Sony won't budge on Microsoft-Activision merger objection
Ten-year deal to put Call of Duty on PlayStation shot down
Microsoft has once again proposed a ten-year licensing deal with Sony to appease British watchdog concerns over the Windows giant's proposed $69 billion takeover of Activision Blizzard – but the PlayStation maker isn't having any of it.
In a document [PDF] published by the UK's Competition and Markets Authority (CMA), Microsoft trotted out arguments it has already made to justify the purchase in the US and EU – namely that it would actually be beneficial to fans by making its games more accessible and more affordable.
Microsoft also told the CMA, in its response to the regulator's February remedies notice, that it had previously proposed a package of remedies with Sony that would ensure its popular Call of Duty title was licensed for release on PlayStation for ten years.
"Microsoft believes that the criteria for the CMA to consider behavioral remedies are met in this case," the software behemoth pleaded in its statement.
In its own response [PDF] to the remedies notice and Microsoft's proposal, Sony argued that the proposed deal did nothing to ensure fair competition.
"[Sony Interactive Entertainment] is extremely sceptical that an agreement with Microsoft could be reached, much less monitored and enforced effectively," Sony declared.
The PlayStation maker said it believed that Microsoft could violate the spirit of such an agreement by throttling service to PlayStation customers, or raising the prices of Microsoft games on platforms or streaming services it doesn't control.
Sony also cited Microsoft's "history of non-compliance with behavioral commitments" as reason not to allow its purchase of Activision Blizzard, and recommended to the CMA that the merger be blocked – or subjected to a structural remedy instead of a behavioral one.
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In response to questions about Sony's willingness to agree to the deal, a Microsoft spokesperson reiterated the company line that the merger – and Sony's acquiescence – would be good for consumers and the market.
"The decision now lies with the CMA on whether it will block this deal and protect Sony, the dominant market leader, or consider solutions that make more games available to more players," the Microsoft spokesperson told us.
Everyone's a bit guilty of being exclusive
The CMA kicked off its investigation into the Microsoft-Activision merger last July. By September it seemed pretty convinced that the buyout would harm gamers – by putting the maker of one gaming platform in control over the maker of popular cross-platform games like CoD and World of Warcraft.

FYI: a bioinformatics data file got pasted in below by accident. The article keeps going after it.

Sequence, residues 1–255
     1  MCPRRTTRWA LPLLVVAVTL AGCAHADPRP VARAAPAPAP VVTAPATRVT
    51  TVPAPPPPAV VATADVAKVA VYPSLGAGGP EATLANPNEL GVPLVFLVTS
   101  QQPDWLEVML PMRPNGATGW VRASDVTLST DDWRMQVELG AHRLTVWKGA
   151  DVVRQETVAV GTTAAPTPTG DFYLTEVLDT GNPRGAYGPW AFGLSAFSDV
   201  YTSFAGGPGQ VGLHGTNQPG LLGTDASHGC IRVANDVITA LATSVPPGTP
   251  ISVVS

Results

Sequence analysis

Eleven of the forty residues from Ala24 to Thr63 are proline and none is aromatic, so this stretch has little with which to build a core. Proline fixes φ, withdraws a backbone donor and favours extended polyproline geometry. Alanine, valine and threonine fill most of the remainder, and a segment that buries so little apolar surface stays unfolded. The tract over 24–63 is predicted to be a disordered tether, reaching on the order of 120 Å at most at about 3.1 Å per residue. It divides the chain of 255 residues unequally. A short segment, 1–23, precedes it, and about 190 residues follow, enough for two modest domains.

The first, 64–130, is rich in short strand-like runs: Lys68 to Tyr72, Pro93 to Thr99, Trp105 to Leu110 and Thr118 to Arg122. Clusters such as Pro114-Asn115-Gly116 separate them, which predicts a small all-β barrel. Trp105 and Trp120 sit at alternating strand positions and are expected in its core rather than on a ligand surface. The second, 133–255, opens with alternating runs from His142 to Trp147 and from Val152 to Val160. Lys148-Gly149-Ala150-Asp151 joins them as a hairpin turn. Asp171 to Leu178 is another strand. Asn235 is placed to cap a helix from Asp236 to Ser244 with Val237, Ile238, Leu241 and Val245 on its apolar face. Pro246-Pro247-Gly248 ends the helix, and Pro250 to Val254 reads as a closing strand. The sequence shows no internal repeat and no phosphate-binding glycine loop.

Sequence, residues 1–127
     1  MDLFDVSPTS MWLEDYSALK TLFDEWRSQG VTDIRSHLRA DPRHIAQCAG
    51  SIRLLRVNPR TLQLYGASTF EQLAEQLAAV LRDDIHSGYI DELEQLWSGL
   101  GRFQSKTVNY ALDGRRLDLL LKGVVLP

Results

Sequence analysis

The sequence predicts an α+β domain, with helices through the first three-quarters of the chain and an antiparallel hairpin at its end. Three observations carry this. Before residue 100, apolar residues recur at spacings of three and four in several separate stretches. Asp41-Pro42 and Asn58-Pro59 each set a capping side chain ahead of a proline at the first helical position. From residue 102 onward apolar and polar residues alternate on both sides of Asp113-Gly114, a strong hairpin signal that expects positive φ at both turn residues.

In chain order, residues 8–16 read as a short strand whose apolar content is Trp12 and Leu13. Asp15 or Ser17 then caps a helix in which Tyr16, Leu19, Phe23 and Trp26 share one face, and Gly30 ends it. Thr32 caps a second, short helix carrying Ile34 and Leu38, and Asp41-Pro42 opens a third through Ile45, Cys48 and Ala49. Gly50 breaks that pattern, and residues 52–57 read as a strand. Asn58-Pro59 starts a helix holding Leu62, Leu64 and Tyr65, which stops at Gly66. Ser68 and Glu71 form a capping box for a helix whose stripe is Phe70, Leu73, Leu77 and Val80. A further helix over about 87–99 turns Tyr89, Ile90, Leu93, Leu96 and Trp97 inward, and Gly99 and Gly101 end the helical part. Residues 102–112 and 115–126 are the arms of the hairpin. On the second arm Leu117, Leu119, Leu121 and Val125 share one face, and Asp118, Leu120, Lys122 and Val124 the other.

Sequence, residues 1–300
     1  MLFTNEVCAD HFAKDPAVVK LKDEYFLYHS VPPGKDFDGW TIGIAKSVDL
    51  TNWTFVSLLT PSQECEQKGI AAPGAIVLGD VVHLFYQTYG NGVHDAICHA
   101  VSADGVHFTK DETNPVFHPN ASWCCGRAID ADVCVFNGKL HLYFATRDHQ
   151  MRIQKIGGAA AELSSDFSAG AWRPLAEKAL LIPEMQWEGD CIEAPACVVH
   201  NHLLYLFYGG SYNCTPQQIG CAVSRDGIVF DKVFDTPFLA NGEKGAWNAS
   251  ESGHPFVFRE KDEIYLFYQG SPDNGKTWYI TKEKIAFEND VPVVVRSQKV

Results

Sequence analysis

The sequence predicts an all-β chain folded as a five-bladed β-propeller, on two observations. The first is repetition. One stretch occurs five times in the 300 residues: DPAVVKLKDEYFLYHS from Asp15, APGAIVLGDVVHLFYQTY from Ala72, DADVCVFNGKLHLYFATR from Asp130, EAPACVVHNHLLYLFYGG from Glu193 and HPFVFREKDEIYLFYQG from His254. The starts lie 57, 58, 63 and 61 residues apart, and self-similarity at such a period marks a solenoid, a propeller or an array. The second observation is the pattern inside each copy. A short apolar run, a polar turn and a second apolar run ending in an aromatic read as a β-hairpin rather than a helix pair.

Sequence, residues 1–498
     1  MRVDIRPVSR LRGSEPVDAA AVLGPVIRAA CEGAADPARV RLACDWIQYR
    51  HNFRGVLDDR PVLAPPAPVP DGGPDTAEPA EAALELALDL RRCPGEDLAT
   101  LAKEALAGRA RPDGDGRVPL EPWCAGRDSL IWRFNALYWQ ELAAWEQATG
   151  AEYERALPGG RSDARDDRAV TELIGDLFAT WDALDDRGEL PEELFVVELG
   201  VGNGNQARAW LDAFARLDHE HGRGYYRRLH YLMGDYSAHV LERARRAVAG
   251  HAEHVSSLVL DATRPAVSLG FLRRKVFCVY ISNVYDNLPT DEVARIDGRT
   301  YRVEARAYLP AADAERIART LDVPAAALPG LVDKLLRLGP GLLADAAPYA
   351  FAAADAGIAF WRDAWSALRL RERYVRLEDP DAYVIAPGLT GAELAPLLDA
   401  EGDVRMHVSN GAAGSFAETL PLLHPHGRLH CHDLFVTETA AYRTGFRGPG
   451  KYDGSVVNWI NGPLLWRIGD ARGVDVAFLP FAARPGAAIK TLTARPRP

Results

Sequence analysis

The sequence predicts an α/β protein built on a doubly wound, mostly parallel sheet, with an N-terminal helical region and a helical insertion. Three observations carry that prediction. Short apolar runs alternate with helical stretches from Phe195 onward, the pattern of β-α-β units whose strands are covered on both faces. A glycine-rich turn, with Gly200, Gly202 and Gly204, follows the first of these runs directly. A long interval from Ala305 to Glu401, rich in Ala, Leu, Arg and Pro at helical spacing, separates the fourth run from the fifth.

Last month the CMA concluded that the merger would, in fact, limit gamer choices and potentially lead to higher prices, and issued the remedies notice to propose ways in which Microsoft could convince it otherwise.
In an attempt to ease concerns, Microsoft president Brad Smith spent time last month jet-setting around Europe trying to convince the EU and UK governments that it was willing to do whatever it took to get the OK for the merger. The Xbox maker announced deals with Nvidia and Nintendo to share titles between the various platforms, like the GeForce Now and Switch, once the merger is complete – similar to its proposed deal with Sony.
The EU was reportedly happy with Microsoft's concessions, but Sony is still trying to block the marriage in the UK and the US, where the Federal Trade Commission has also sued to block the merger.
Smith, who has called any move to limit Call of Duty from PlayStation consoles economically irrational, has reportedly been trying to get Sony to sign the ten-year deal since December. He has even allegedly taken to carrying the contract with him in case he runs into a Sony executive who has had a change of heart.
Based on its response to Microsoft sent to the CMA, Sony isn't likely to have a change of heart. So Microsoft is still one-for-three on even getting a "maybe" out of regulators.
The CMA's deadline to issue its final report is April 26. In the US, the matter is currently in court, where a judge recently sided [PDF] with Microsoft to force Sony to hand over internal documents pertaining to exclusivity deals – including ones to keep games off of Xbox Game Pass – as part of discovery in the case. ®